In the form depicted in Figs. 2-, 5, '7 and 8, the sediment collectin pan includes a back support plate fit provided with an openin seat the midportion of the top thereof through which the fitting 53 extends to support the sediment col;- lecting pan within the container 25. At theb'o-ttom of the back support plate 53, a trayportion 653 extends outwardly in substantially right angular relationship to the back support plate and is provided with marginal iianges 6 2, 63 and 54 which extend upwardly and are joined; together, as well as to the back plate, to definea shallow container for collecting sediment and a sample of the oil. A baiiie 65 extends outwardly and downwardly from the back support plate EB'and over the end of the fitting 53 to deflect the flow of oil from the fitting 53 downwardly into the shallow container. Preferably, the end portions of the baiiie are closed by end plates 56 and ST; With the parts thus arranged, all of theoil'flowing into the container 25 passes into and across the sediment collecting pan so that a quantity of the sediment will be deposited therein, if there is an appreciable quantity of sediment in the oil.

In the form of our sediment collecting pan which is illustrated in Fig. 9, the structureincludes a back support plate 55 and a baffle plate like that illustrated and described in the sediment collecting pan of Figs. land 8. However, a curved sheet metal striped; which is secured at its ends to, the lower portion'of the back supportplate 58' serves as a support for a screen 69 extending across the upper surface of the. strip. In this sediment collecting pan, all of the oil passes through or across the screen 59 as it flows into the container 25, and sediment is deposited upon the screen.v 7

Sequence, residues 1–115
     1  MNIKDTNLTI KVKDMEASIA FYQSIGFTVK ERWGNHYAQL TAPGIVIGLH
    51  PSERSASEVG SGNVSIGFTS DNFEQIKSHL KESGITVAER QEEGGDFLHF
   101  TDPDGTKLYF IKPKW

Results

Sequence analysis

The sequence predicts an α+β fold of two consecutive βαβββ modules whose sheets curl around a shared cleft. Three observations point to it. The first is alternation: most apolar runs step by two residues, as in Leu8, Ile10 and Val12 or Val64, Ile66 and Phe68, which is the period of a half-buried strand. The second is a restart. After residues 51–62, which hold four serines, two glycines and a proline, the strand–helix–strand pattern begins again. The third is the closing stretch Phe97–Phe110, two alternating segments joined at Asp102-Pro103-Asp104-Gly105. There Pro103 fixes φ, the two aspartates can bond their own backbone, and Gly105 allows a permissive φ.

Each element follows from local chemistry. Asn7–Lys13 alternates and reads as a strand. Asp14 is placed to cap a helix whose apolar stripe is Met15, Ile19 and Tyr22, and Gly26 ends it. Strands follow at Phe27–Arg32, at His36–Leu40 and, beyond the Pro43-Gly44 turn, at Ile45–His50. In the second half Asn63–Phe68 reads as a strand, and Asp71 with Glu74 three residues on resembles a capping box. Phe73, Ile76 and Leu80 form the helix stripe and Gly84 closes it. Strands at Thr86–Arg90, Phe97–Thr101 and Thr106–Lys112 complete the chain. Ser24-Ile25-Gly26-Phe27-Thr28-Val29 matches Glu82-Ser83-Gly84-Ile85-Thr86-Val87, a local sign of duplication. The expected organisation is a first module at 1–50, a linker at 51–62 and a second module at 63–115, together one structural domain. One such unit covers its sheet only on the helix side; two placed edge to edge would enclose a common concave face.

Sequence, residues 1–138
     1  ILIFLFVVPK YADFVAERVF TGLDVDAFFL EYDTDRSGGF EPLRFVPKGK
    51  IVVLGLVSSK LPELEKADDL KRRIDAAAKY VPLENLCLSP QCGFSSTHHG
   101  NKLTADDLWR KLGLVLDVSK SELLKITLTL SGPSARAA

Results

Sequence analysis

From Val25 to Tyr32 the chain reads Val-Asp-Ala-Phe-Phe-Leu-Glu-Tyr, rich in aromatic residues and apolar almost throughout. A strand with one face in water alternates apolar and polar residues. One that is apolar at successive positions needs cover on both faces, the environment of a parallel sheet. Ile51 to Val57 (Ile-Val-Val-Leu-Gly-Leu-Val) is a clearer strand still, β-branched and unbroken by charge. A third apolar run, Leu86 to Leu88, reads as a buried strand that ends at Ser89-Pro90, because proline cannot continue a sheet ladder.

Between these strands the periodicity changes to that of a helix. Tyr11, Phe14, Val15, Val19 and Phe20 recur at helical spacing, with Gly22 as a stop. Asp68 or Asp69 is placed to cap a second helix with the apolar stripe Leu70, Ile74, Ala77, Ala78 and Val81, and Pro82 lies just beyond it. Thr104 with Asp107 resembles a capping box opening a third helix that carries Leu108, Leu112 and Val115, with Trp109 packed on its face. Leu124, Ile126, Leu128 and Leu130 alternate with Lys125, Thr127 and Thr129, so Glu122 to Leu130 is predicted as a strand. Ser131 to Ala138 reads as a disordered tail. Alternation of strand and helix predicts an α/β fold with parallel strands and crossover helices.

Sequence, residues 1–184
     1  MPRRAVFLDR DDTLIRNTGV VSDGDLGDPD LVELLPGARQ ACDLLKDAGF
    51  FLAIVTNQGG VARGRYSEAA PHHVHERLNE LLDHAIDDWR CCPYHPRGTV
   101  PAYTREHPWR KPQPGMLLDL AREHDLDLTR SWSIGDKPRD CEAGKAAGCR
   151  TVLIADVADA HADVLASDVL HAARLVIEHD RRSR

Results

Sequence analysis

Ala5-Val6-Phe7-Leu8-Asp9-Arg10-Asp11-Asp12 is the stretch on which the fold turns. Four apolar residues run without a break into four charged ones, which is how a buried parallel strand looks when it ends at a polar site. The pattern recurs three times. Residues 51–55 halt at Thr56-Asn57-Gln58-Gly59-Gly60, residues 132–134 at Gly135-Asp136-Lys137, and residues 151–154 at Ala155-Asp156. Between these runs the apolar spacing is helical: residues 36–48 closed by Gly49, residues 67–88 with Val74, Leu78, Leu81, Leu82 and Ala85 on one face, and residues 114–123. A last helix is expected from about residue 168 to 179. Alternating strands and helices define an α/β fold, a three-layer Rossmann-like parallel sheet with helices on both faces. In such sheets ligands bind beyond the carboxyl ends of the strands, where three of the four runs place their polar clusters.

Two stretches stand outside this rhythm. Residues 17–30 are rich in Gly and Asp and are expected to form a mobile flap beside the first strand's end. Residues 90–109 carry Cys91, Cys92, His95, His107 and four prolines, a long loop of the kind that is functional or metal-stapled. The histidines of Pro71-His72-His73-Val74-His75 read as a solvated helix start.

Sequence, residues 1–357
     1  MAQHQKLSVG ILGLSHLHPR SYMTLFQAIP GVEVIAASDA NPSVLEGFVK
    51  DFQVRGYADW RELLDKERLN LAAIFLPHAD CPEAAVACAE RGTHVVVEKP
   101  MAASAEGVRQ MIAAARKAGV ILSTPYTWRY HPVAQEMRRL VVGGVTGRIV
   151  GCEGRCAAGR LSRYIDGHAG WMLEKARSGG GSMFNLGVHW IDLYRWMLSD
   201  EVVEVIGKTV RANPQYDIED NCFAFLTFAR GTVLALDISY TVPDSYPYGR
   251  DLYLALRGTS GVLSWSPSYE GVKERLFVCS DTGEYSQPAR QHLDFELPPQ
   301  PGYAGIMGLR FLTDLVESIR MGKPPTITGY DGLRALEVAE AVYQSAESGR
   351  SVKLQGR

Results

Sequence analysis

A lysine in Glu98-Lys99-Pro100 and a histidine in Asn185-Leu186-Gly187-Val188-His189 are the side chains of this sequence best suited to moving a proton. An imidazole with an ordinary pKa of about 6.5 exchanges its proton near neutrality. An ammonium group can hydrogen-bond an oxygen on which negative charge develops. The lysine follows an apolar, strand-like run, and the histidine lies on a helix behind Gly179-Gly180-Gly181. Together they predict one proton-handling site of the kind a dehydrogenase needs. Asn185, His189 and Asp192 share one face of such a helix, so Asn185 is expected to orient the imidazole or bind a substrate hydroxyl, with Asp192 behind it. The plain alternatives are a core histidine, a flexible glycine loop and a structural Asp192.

In the form of the sediment collecting pan shown in Fig. 19, the structure is substantially like that shown in Fig. 9, except that a screen 10 is secured to and extends across the lower surface of the strip 68, so that the strip forms a rim at the outer edge of the screen.

From the foregoing description and reference to the accompanying drawings, it may be readily understood that we have provided an efiicient and efiective crank casev draining and flushing apparatuswhich is not only adapted to ,quick and convenient operation and to provide clearly visible indications of the flow and quantity of crank case oil during removal, but also to provide a definite and effective indication of the cleanness of the used oil taken from a crank case in a particular instance.

While we have illustrated a preferred embodiment of our invention, many modifications may be made without departing from the spirit of the invention, and we do not wish to be limited to the precise details of construction set forth, but desire to avail ourselves of all changes within the scope of the appended claims.

Having thus described our invention, what we claim as new and desire to secure by Letters Patent of the United States, is:

1. In a crank case draining and flushing apparatus including a housing having a front wall; sediment collecting and inspecting means comprising a container'adjacent the upper end of said housing having opposite vertical side walls and a horizontal bottom wall extending inwardly from said housing front wall and a rear wall parallel with and spaced from said front wall, and a transparent panel in said front wall opposed to said rear wall, a liquid inlet conduit extending through said rear wall in substantial vertically spaced relation to the bottom wall, a valve controlled outlet conduit communicating with the container through the bottom wall, a shallow sediment collecting tray supported from the rear wall in a horizontal position and at a relatively short distance below said inlet conduit and substantially below the top of said transparent panel for unobstructed visibility thereof, and a liquid deflector aligned with said inlet conduit and comprising vertical walls for deflecting the liquid from said inlet conduit into said tray.